AN ENGINEER who spoke out over technical problems with the space shuttle Challenger said it had taken him seven years to recover from the ill effects his 'whistle-blowing' caused him.
Roger Boisjoly warned delegates of the personal and professional risks 'truth-tellers' take.
Speaking at a session on ethics in science, Mr Boisjoly said his life changed radically the instant he testified to the Presidential Commission set up to examine the Challenger disaster. Mr Boisjoly was an engineer at Morton Thiokol, the contractor for the solid rocket fuel booster whose failed O-ring joint led, in part, to the shuttle disaster.
He told the meeting that his life was made a misery. At work colleagues spurned him and he was kept away from important projects. He also suffered classic symptoms of post-traumatic stress syndrome, including a serious heart condition, double vision, anxiety and depression. He was not able to work for five years, but now runs his own engineering consultancy and acts as an expert witness on technical issues in court.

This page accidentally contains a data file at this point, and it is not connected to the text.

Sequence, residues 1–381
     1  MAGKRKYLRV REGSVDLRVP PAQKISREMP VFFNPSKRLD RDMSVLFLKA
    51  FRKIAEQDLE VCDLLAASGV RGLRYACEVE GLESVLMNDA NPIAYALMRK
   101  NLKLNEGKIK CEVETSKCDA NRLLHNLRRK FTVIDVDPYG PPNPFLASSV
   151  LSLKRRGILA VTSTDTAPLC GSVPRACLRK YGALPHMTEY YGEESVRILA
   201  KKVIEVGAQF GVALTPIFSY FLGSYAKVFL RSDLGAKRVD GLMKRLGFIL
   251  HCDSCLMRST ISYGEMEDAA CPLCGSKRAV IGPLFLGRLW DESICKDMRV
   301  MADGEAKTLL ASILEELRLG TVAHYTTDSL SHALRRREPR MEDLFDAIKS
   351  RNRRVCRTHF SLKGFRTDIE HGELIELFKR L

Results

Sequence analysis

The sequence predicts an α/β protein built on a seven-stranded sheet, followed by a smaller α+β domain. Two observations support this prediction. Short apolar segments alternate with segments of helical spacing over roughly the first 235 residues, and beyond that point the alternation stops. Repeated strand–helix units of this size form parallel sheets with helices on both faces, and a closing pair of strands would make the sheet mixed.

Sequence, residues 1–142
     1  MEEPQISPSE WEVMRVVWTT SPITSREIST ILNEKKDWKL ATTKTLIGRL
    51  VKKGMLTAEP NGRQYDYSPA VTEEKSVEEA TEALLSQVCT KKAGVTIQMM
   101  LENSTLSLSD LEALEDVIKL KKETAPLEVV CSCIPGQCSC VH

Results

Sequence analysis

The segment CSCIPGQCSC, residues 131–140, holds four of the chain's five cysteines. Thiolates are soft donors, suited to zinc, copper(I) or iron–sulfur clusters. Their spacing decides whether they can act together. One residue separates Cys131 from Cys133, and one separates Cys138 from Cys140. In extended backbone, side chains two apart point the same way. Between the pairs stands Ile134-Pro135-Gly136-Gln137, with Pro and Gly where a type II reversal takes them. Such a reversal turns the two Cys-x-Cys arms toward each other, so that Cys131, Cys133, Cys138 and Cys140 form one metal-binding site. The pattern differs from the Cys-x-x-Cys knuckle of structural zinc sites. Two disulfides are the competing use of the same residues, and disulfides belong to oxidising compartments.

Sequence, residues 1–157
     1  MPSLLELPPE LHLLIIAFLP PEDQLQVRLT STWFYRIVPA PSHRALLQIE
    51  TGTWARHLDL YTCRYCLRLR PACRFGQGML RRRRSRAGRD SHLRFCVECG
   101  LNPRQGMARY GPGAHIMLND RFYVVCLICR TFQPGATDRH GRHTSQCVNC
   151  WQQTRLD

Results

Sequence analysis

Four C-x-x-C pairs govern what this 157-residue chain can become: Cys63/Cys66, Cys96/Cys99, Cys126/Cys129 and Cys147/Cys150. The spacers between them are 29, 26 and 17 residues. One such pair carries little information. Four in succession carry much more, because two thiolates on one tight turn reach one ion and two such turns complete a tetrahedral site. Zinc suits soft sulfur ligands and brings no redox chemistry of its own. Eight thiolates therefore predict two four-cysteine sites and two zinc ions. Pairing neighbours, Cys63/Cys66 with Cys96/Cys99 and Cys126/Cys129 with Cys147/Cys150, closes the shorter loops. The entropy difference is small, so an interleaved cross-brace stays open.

Robert Sprague, another speaker at the conference, said he too had suffered since blowing the whistle on a colleague.
The colleague, Stephen Breuning, was later found guilty of scientific misconduct after dosing mentally ill patients with psychoactive drugs. 'I have been trailed at conferences, and my speeches 'corrected'. I have had research grants refused time and time again,' he said.
Mr Boisjoly advised potential whistle-blowers to think carefully before going ahead: 'You must be aware that you will have to pay a very high price,' he said.Reuse content